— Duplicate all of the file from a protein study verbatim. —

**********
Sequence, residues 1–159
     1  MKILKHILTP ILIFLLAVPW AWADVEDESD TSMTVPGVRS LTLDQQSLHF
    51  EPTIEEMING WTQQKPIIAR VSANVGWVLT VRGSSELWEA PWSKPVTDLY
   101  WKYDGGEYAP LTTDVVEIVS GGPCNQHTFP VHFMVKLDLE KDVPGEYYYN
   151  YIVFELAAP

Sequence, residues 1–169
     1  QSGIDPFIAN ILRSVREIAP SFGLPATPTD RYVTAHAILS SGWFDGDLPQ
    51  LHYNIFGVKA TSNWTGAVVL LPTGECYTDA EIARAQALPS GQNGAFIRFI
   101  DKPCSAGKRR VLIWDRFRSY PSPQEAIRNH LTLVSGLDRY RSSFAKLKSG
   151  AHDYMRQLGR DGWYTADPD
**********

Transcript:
Sequence, residues 1–159
     1  MKILKHILTP ILIFLLAVPW AWADVEDESD TSMTVPGVRS LTLDQQSLHF
    51  EPTIEEMING WTQQKPIIAR VSANVGWVLT VRGSSELWEA PWSKPVTDLY
   101  WKYDGGEYAP LTTDVVEIVS GGPCNQHTFP VHFMVKLDLE KDVPGEYYYN
   151  YIVFELAAP

Sequence, residues 1–169
     1  QSGIDPFIAN ILRSVREIAP SFGLPATPTD RYVTAHAILS SGWFDGDLPQ
    51  LHYNIFGVKA TSNWTGAVVL LPTGECYTDA EIARAQALPS GQNGAFIRFI
   101  DKPCSAGKRR VLIWDRFRSY PSPQEAIRNH LTLVSGLDRY RSSFAKLKSG
   151  AHDYMRQLGR DGWYTADPD